Batman / Batman Joker

What Is the Painting the Joker Likes in Batman?

When it comes to the complex and twisted character of the Joker in Batman, there are many things that fascinate the audience. One such aspect is the painting that he seems to be obsessed with in various adaptations of the character.

But what is this painting, and why does the Joker like it so much? Let’s dive into it.

The Painting

The painting that the Joker likes is called “The Scream” by Norwegian artist Edvard Munch. It was created in 1893 using oil, tempera, and pastel on cardboard. The painting depicts a figure standing on a bridge with their hands over their ears, as if trying to block out a deafening scream.

The Symbolism

The painting has become an iconic symbol of anxiety and existential dread. The figure’s distorted face and surroundings convey a sense of chaos and turmoil that resonates with many viewers. This symbolism is what draws the Joker to the painting – he sees himself as an agent of chaos, causing destruction and mayhem wherever he goes.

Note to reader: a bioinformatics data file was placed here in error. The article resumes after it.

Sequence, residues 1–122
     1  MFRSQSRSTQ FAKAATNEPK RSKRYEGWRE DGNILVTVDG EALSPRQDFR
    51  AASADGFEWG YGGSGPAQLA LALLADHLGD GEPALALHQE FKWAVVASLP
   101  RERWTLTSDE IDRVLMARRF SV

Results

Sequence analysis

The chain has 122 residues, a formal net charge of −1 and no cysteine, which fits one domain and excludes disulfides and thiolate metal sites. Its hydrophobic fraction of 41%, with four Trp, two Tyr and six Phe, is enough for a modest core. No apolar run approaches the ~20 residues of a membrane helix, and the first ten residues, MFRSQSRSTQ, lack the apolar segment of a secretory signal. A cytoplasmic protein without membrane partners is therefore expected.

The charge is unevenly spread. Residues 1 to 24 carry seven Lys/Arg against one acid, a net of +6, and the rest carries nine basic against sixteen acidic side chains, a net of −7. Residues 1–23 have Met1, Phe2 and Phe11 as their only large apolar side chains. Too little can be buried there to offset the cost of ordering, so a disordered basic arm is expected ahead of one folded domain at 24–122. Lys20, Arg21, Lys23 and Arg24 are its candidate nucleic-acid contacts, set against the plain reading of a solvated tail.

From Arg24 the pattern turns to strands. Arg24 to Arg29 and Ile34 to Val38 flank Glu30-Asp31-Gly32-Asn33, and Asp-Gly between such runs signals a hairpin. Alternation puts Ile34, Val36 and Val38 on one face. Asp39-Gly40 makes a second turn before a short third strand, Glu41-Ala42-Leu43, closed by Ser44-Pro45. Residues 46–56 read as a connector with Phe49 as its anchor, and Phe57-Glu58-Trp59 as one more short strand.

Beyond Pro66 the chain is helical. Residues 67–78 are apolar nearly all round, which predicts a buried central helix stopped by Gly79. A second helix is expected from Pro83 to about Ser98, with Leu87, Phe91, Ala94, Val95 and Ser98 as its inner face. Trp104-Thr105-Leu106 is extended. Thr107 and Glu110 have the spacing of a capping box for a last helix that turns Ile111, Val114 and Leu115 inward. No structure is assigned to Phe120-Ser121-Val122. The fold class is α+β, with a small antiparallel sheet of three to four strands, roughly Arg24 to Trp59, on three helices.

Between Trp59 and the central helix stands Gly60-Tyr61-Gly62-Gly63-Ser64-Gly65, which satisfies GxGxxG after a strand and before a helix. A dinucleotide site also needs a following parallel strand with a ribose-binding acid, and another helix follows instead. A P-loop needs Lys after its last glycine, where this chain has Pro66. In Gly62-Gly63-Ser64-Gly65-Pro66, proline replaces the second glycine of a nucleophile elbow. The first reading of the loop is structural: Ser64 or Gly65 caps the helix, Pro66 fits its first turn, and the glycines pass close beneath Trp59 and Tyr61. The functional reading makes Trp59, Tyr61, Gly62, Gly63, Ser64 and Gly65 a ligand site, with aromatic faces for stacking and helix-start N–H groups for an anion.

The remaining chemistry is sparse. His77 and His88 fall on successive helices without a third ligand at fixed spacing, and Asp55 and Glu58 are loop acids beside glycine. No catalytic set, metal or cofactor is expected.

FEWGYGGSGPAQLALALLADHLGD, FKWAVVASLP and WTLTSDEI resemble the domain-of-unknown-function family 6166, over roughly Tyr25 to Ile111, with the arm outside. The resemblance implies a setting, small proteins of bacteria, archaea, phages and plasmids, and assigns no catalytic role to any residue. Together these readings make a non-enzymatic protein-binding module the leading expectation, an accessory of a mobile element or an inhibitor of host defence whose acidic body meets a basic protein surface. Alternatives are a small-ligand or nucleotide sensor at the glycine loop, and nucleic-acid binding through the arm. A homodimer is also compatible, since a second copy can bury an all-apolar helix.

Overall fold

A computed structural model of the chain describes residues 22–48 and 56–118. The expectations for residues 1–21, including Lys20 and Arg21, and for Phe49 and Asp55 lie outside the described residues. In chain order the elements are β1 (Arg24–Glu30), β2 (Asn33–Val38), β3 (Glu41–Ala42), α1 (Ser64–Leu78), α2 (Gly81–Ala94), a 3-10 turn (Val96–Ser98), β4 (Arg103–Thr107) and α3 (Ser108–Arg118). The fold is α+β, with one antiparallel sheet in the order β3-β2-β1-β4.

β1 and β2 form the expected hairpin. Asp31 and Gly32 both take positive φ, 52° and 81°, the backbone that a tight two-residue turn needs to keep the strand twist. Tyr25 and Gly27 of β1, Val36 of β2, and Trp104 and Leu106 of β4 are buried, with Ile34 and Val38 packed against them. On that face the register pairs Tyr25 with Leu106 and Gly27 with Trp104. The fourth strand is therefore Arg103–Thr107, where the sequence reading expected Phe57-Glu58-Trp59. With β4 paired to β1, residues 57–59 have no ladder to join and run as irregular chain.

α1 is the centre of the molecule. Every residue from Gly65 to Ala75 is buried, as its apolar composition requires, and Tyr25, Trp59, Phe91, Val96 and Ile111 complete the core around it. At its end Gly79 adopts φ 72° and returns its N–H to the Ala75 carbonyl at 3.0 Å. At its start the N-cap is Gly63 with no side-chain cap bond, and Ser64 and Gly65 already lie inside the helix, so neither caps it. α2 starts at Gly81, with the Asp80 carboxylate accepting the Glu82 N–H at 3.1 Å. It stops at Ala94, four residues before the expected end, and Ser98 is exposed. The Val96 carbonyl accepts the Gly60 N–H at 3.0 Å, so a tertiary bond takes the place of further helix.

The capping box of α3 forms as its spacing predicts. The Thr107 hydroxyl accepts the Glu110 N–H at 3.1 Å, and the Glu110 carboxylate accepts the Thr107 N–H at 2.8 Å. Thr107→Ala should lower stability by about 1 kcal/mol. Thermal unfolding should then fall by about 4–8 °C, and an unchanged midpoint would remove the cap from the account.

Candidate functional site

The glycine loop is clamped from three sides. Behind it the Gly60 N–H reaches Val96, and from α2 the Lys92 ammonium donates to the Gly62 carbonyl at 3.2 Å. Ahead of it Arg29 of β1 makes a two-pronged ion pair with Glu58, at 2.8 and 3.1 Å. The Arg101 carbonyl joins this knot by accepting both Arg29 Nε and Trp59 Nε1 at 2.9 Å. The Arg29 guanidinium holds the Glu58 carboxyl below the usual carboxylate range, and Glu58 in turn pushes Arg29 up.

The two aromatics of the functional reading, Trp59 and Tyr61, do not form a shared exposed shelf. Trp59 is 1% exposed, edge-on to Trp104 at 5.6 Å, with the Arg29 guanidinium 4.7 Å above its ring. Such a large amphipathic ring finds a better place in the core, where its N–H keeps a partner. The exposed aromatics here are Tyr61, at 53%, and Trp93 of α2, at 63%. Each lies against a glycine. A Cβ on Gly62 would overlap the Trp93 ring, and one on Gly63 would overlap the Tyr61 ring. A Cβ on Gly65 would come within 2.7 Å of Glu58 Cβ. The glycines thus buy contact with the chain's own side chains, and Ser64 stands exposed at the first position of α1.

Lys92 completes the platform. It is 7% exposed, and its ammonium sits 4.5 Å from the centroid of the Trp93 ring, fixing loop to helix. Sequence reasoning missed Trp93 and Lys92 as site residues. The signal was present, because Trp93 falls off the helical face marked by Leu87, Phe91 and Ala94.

The Adaptations

In various adaptations of the Joker character, we see him with a copy or recreation of “The Scream” in his hideout or lair. In some versions, he even references or quotes lines from the painting to convey his worldview or mindset.

For example, in “Batman: The Animated Series,” he says, “I feel like I’m diagonally parked in a parallel universe.” This line is a reference to one interpretation of the figure’s posture in “The Scream.”


In conclusion, “The Scream” by Edvard Munch is a deeply symbolic and influential piece of art that has resonated with audiences for over a century. The Joker’s obsession with this painting adds another layer to his already complex character – one of chaos, destruction, and a desire to break free from the confines of society. So next time you see the Joker with a copy of “The Scream,” remember that there is much more to it than just a piece of decor.